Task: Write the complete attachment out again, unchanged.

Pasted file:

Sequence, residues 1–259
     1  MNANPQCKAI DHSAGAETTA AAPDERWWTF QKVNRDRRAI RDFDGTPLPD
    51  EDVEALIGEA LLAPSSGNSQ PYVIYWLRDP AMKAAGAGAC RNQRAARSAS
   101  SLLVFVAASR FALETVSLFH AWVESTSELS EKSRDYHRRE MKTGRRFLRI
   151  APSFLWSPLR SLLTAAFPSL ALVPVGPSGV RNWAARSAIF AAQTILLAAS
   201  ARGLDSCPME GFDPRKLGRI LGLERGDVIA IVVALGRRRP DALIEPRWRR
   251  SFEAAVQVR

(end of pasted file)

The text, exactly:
Sequence, residues 1–259
     1  MNANPQCKAI DHSAGAETTA AAPDERWWTF QKVNRDRRAI RDFDGTPLPD
    51  EDVEALIGEA LLAPSSGNSQ PYVIYWLRDP AMKAAGAGAC RNQRAARSAS
   101  SLLVFVAASR FALETVSLFH AWVESTSELS EKSRDYHRRE MKTGRRFLRI
   151  APSFLWSPLR SLLTAAFPSL ALVPVGPSGV RNWAARSAIF AAQTILLAAS
   201  ARGLDSCPME GFDPRKLGRI LGLERGDVIA IVVALGRRRP DALIEPRWRR
   251  SFEAAVQVR